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Old 03-25-2019, 04:16 PM   #1
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Lippert 4400# axle spindle blimish

I re-packed my bearings for the first time and noticed some very ugly spots on my axle spindles. – See picture
All four of them have the blemish. It is in a spot where there is no contact with anything, but the way it looks does concern me.

This is a 2007 Keystone Cougar - I bought it a couple of years ago.

Is this just a case of “doesn’t show - doesn’t matter” manufacturing, or do I have some sort of corrosion that could cause my axles to break and wheels to fall off?

Another thing I noticed is the grease zerk on the end of the axle only lubes the back (or inner) bearing. Does anyone know the theory behind this? Why would I only want to lube the inside bearing and not the outside?

Is seems unlikely that the manufacturer would have accidentally missed drilling a grease hole on all 4 spindles.
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Old 03-25-2019, 04:22 PM   #2
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The hole is where grease gets to the bearing and the spot is unmachined as cast metal. Nothing to worry about.
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Old 03-25-2019, 04:23 PM   #3
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I would guess the axle was made by turning on a lathe. That "blemished" area isn't completely cut by the lathe.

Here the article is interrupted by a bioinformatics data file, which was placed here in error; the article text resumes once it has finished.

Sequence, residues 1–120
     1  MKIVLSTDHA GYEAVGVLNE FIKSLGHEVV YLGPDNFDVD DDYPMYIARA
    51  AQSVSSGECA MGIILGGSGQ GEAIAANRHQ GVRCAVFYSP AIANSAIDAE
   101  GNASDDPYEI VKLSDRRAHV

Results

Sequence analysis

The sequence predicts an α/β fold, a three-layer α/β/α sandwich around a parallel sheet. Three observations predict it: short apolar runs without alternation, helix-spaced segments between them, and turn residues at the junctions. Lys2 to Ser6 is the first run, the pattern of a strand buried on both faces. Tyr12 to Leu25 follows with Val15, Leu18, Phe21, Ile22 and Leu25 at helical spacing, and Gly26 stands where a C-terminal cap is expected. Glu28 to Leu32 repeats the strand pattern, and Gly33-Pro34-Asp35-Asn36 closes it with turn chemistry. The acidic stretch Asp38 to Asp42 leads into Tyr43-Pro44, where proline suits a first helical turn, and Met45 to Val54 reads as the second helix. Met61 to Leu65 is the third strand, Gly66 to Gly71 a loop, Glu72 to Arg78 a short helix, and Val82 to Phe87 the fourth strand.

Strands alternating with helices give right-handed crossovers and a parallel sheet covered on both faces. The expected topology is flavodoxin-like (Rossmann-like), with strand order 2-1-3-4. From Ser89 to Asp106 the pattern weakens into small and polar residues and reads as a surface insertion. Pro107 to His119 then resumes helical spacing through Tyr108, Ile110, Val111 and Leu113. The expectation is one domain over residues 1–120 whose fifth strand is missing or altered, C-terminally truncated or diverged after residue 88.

I am guessing the inner bearing is more difficult to service because the grease seal needs to be removed to pack it, hence the lube provision.
The outer bearing behind the axle nut just slides out.
All just guesses, someone at a higher pay grade will chime in.
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Old 03-25-2019, 09:40 PM   #4
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If you want to pump in about 3/4 of a tube of grease it will flow forward and through the front bearing. That being said, I have that zerk lube feature as well, but I treat my bearings as the "normal" type and just pull the hub for a regular packing and inspection. Although putting fresh grease on the bearings via the zerk is a good idea, it is not a substitute for a visual inspection of the bearing and other surfaces. It's too easy to just pump in some grease and end up going way too long between actual inspections.
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Old 03-25-2019, 10:27 PM   #5
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Your pic looks typical as noted above. Nothing wrong.

Here is a great video the ezlube axle. https://www.dexteraxle.com/resources...-z-lube-system

They really do work.
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Old 03-27-2019, 08:41 AM   #6
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Bearing lub

Quote:
Originally Posted by upflying View Post